lørdag den 20. oktober 2012

Virgin Concert at The Academy

The first week at DIEM we plunged right into what it is all about: we had to prepare a concert for the weekend under the annual Aarhus Festival. I decided to combine all the elements from my application video (as shown in my first blog entry) into a useful setup on stage. I had help from my fellow student, Sebastian Edin, to feed audio into the 'Stomach', which is the name of my Max/MSP patch responsible for combining all the chunks of sound into a weird regurgitation of the sound on stage.

My brother was so kind as to bring his video camera and eternalize the moment.

I was very thrilled with this performance, it's the first time it really works out for me with this patch and it was just a giant playground with all the possibilities we had up there. The big band before us left their instruments on stage so Sebastian could bring the mic around and record the various instruments.

Here's some shortcuts for some of the more interesting parts in the video:
00:45 - Tuning the system - weird animal noises!
12:05 - Force-feeding the 'Stomach' and Sebastian on Joystick.
16:02 - Sebastian feeding with percussion.
19:37 - Mallet jam and Arduino scrubber.
25:57 - Open piano and Strings.
33:05 - Fooling around.

To tell a bit about the technical details behind this setup, I combined all audio inputs (mic, theremin, the homemade string instruments and contact mics) to a small behringer mixer, the output going into the soundcard, as the drawing shows. I wanted some tactile control for Max, so I built some sensors for my arduino board and I used a flight simulator joystick with a nice 16-bit resolution.

Preperation of Arduino-based controller (left) and drawing of the setup before realization. (right)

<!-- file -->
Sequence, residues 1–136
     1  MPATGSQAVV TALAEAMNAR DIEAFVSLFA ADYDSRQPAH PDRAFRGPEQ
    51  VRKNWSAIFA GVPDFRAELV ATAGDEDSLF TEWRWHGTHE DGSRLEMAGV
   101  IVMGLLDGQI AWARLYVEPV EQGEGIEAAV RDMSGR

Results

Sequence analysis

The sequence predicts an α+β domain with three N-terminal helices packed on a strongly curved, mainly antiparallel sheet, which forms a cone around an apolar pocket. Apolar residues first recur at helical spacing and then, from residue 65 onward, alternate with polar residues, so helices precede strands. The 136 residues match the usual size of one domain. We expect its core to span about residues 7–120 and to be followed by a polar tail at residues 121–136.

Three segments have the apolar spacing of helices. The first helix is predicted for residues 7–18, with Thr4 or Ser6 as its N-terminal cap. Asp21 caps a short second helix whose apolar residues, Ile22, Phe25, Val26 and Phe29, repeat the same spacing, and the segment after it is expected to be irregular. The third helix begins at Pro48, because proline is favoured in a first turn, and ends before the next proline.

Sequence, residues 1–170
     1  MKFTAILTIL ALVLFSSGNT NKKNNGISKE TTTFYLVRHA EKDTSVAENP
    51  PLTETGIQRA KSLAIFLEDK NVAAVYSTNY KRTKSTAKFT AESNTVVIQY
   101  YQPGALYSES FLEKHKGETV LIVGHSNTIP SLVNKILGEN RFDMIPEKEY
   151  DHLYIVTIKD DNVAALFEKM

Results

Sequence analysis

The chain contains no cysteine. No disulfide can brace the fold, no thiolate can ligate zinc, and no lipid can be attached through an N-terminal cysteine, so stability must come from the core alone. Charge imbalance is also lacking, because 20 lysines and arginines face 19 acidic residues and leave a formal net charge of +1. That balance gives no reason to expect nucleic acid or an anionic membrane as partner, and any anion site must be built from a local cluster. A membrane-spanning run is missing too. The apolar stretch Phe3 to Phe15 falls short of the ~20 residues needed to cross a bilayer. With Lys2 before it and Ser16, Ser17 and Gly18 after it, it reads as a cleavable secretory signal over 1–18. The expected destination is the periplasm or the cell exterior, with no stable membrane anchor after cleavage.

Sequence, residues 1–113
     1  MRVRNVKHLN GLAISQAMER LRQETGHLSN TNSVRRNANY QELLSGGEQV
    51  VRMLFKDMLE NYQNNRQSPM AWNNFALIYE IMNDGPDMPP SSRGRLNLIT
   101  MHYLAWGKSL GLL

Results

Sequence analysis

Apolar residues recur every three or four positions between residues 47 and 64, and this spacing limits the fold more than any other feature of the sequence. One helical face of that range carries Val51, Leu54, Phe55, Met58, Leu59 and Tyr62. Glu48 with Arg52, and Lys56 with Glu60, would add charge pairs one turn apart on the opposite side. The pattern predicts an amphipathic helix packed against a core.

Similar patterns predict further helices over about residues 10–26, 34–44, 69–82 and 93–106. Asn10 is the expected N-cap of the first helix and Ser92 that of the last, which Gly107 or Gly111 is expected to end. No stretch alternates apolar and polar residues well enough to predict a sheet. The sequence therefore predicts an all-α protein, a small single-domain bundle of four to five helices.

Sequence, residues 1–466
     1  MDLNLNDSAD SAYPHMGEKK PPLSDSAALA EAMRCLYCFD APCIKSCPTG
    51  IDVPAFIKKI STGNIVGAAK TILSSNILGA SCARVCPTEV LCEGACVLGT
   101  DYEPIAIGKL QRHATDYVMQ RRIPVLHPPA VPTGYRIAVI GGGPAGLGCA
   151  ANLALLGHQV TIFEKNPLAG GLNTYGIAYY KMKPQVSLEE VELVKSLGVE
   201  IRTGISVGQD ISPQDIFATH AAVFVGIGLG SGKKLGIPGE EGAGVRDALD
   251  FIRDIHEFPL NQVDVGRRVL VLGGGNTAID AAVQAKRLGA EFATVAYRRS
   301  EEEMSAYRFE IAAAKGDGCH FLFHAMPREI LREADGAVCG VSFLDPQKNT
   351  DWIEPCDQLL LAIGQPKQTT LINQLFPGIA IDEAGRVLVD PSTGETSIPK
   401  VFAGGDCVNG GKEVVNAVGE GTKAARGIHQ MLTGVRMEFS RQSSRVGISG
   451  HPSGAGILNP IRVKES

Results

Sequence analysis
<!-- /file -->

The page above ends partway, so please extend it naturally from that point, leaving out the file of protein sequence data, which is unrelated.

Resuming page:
For the arduino controls, I used a DC-motor reading from one of the analog inputs - the current is either positive or negative depending on which way your turn the motor. This made it into a nice rotary encoder, using only 1 AIN. I used it for scrubbing in a short audio buffer in Max. A photo-resistor was used to control feedback of a delay and I had 2 potentiometres for LP and HP filters.
The joystick controls a variable waveform-oscillator, the X-axis determines the waveform from square to sine, the Y-axis is distortion of the waveform, twisting the stick opens up 2 filters for letting out the sound.
The bassdrum-like sound you can hear is a simple sine-wave with a pitch curve. :)

onsdag den 17. oktober 2012

First Entry: A little bit about Dögenigt

Hi fellow avant-gardiste, passionate tinckler or abstract thinking composer. Whoever you are, I guess you must hold some sort of interest for weird sound and electronically generated music.
I'd like to tell you a little bit about what I do.

In november 2011 I applied for an education here in Denmark under The Royal Academy of Music in Aarhus. As the only Music Academy in Denmark, they have a department for studies in electronic music. Each year, a small handful of composers are picked out, to attend DIEM (Danish Institute of Electronic Music) where there's classes in acoustics, aesthetics, studio technique and general guidance and support for each student by a personal "mentor".

At the point of my application, I'd been making a lot of electronic music - for nearly 10 years - and in 2008 my artistic outlet culminated with 5 releases under my former alter ego, 'Sövnigt Sind'.

(All Sövnigt Sind releases are available for download and streaming here:)

But I got tired of making these fixed arrangements on my computer with which I couldn't do anything but press on the play-button on stage, so I started looking into Max/MSP - I have a friend who's a mastermind with patching in Max - and got pretty good at building the software I wanted.
Here's some recordings I did with my patches, under my 'Paleorama' project.
Paleorama on Soundcloud

I searched for ways to control my patches with controllers, to get a tactile connection with my music, looked into the MidiBox project, which was quickly getting mentally replaced with an Arduino board (with a nice 10-bit resolution), then I fell in love with DIY electronics, effect boxes and circuit boards in all shapes and shades, which gave me these unpredictable and "authentic" sounds that I felt the computer lacked a bit of.

Basically one thing led to another, and I decided to shoot a video for my application to DIEM, showing my journey away from the computer as a fixed composition-machine to an instrument which spits out unique sound every time you "pick it up" - just like any other instrument one would play.
Here's the video I applied with.


In march, while I was travelling Nepal, I received a mail from the academy saying that I was amongst the 4 persons they decided to let in this year! That made my journey so much better! Right now, I've been attending for about 2 months and it's a just the perfect setting for my musical and artistic process right now.
Thank your for your time! Stay tuned.

Dani Dögenigt